Dr. Alfiee on cultural warning signs and suicide prevention

The psychologist is the founder of a nonprofit that focuses on the mental health needs of young people of color.

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September is Suicide Prevention Awareness Month and theGrio chatted with psychologist, scientist, author and founder of The AAKOMA Project, Dr. Alfiee Breland-Noble.

The AAKOMA Project is a mental health nonprofit focused on the needs of young people of color.

AAKOMA’s State of Mental Health for Youth of Color 2022 survey revealed that Black youth are significantly more likely to make a suicide attempt compared with Latino/e, Asian and Native American youth. Females are more likely to report suicidal ideation, according to the survey of nearly 3,000 people of color ages 13 to 25.

During the interview, Dr. Alfiee shared culturally relevant signs to pay attention to when someone might be considering suicide, such as: being involved in violence, having unrestricted access to firearms, a change in eating and sleeping behaviors, social isolation, erratic behaviors and uncharacteristic behaviors.

“They might express feelings of hopelessness, helplessness and despair,” says Dr. Alfiee. “And they may be experiencing and reporting to you significant thoughts about death and dying, even if those thoughts of death and dying are not necessarily internalized. In other words, they may be talking about death and dying, but not necessarily their own death.”

Feelings of guilt and somatic symptoms are additional warning signs.

“When we think about somatic symptoms, what we’re talking about is feelings of physical pain,” explains Dr. Alfiee.  “So in many communities of color, people will describe pain, physical pain that you can’t find any medical explanation for.”

Dr. Afiee continues, “In addition, the traditional literature talks about feelings of guilt that may plague a young person or anyone who’s contemplating dying by suicide. The culturally relevant aspect of this is that guilt is not necessarily the way that it’s going to be expressed in many communities of color and in particular in the Black community. What you may hear instead of guilt is a person feeling like their family might be better off without them or that they may be a drain on their family.”

A myth that the psychiatrist debunked is that there are no interventions designed to help reduce suicide. In fact, there are different approaches.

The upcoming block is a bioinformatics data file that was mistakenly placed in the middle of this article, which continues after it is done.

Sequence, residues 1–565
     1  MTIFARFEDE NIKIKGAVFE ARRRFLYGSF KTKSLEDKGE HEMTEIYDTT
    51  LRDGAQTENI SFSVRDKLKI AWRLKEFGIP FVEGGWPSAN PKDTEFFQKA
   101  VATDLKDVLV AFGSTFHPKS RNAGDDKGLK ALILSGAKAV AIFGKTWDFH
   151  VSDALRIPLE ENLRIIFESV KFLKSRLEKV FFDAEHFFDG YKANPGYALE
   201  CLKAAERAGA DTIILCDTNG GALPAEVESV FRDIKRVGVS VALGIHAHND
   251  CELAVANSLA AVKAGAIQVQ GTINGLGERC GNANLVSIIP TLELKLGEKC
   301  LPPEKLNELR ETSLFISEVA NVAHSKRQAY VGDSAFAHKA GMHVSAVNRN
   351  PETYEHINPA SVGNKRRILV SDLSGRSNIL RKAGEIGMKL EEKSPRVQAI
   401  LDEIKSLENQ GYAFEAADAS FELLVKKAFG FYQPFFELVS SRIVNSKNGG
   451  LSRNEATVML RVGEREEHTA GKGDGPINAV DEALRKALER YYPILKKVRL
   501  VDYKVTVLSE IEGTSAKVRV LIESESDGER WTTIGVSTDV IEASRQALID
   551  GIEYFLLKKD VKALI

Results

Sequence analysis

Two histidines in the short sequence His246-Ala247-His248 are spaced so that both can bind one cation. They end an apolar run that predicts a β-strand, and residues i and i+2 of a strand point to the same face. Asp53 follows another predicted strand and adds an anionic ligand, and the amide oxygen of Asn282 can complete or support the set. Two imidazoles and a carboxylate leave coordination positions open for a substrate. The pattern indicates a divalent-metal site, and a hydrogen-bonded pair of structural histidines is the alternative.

“Something that we typically in the field call ‘practice-based evidence’ where there are community-based organizations, there are community advocates, there are people with lived experience. And there are people who have lost loved ones to suicide who are actively working, creating interventions, creating approaches to help us reduce the difficult and awful experience of losing someone to suicide.”

The AAKOMA Project has “AAKOMA Flow,” which is designed to help increase and improve communication between parents, caregivers and young people, in part to help reduce suicide by helping people identify signs and symptoms and helping them find a way to communicate when they see those signs and symptoms present in their young person.

If someone you care for might be struggling with a mental illness or struggling with thoughts of suicide and you want to help, check out the tips below from Dr. Alfiee.

  1. “Be willing to gently and in a culturally appropriate way ask the question/ What do I mean by that? I mean, to be able to go to a person you already have a good relationship with and to open up a line of communication by saying something like, ‘You don’t seem like yourself. If you ever want to talk, I’m here.’ And then name the things that you’re seeing that make the person seem like they’re not themselves right now. And the idea behind this is you’re creating a space for a person to know that you are a safe landing and a safe haven for them.”
  2. “Listen with intent. Focus on the person you’re talking to. Don’t interrupt. Allow them to say everything that they need to say and don’t try to fix it for them. Sometimes, people just need us to listen.”
  3. “After you listen with intent, say to the person that you’re willing to help them and ask them how can you help them.”

Check out the full interview above.

To learn more about The AAKOMA Project, click here.

Suicide and Crisis Hotline: 988

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